Filing Indiana state taxes from abroad involves several steps to ensure compliance:

1. Gather necessary documentation:

  • Collect all relevant tax documents, including W-2s, 1099s, and records of Indiana-sourced income.
  • Maintain records of your residency status, such as proof of domicile, and any documents that establish your ties to Indiana.

2. Choose a Filing Method:

  • Online Filing: Indiana offers an online filing system, INfreefile, for eligible taxpayers. This convenient option allows you to file your state taxes electronically from anywhere in the world.
  • Mail Filing: If you prefer to file by mail, download the necessary forms from the Indiana Department of Revenue’s website. Complete the forms and mail them to the address listed on the instructions.

3. Utilize e-file services

Many third-party tax software programs support Indiana state tax filings and can guide you through the process of filing from abroad.

These programs often include e-file options and can help ensure your return is accurate and complete.

4. Payment of taxes

  • If you owe taxes, you can make payments online through the Indiana Department of Revenue’s e-services portal. This portal allows for secure online payments using a bank account or credit card.
  • Alternatively, you can mail a check or money order with your tax return. Ensure that your payment is postmarked by April 15 to avoid late payment penalties.

Consequences of Non-Compliance with Indiana State Tax Laws

Non-compliance with Indiana tax laws can result in various severe penalties and repercussions. Understanding these consequences is crucial to avoiding significant financial and legal troubles.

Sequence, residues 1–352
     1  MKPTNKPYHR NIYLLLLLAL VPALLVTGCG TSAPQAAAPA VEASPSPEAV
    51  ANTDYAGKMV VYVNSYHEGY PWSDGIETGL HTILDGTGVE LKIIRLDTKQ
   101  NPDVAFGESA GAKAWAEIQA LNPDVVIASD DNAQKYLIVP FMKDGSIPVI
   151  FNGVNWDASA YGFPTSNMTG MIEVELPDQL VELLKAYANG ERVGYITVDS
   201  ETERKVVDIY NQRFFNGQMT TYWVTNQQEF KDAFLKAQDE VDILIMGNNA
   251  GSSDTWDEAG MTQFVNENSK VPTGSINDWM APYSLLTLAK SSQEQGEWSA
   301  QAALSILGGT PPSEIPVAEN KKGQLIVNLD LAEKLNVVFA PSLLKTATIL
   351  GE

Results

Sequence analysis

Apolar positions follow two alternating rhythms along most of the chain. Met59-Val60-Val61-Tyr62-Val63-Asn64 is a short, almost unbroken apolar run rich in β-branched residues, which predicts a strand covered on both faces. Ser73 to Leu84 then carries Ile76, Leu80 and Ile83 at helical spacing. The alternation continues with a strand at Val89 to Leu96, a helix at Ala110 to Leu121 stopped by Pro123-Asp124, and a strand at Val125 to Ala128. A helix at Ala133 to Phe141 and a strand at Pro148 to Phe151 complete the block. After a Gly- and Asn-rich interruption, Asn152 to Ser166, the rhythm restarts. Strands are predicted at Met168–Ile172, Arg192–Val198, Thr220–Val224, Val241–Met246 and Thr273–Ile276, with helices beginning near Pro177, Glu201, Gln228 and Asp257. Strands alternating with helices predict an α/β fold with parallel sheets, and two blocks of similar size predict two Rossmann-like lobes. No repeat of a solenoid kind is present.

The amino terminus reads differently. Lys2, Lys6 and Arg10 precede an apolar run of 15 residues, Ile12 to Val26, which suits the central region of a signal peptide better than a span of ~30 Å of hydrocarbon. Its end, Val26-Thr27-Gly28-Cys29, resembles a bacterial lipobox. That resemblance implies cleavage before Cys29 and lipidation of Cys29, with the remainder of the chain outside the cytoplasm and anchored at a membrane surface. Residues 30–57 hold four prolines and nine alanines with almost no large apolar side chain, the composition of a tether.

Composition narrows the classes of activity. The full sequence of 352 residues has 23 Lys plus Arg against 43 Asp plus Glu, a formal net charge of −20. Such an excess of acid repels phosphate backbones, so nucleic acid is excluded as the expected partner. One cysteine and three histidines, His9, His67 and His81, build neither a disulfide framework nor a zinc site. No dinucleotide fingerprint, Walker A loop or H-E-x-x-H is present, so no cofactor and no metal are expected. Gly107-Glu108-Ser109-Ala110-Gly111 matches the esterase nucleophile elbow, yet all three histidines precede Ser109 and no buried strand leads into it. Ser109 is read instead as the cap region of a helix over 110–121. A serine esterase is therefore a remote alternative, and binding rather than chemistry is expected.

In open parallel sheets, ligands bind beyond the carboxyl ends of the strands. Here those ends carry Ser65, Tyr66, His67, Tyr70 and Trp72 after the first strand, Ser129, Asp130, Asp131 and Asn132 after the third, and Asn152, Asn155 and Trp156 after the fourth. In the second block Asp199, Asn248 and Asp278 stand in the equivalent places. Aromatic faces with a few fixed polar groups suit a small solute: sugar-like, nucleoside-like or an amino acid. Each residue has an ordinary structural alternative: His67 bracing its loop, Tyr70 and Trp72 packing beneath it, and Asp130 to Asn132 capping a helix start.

Financial Penalties

Late filing and payment penalties: 

  • If you fail to file your tax returns on time, Indiana imposes a late filing penalty. This can be as high as 5% of the unpaid tax for each month the return is late, up to a maximum of 25% of the unpaid tax.
  • Late payment penalties are also significant. If you do not pay your taxes by the due date, a penalty of 1% of the unpaid tax is levied for each month the payment is late, up to a maximum of 12%.

Interest charges

Unpaid taxes accrue interest from the original due date until the taxes are paid in full. The interest rate is set annually by the Indiana Department of Revenue and can significantly increase the total amount owed.

Indiana can pursue criminal charges for severe cases of tax evasion. This can include intentional income underreporting, non-disclosure of foreign assets, and fraudulent tax returns. Convictions for tax evasion can result in imprisonment, in addition to hefty fines.

Collection actions

For unpaid taxes, Indiana can take various collection actions, including:

  • Wage Garnishments: Withholding a portion of your wages to cover the unpaid taxes.
  • Bank Levies: Seizing funds directly from your bank accounts.
  • Property Liens: Placing a lien on your property, which can affect your ability to sell or refinance it.

Audits and Assessments

Indiana may conduct residency audits to verify your residency status and ensure proper tax compliance. During an audit, you must provide extensive documentation, such as proof of domicile and detailed financial records. Failure to provide adequate documentation can result in additional tax assessments and penalties.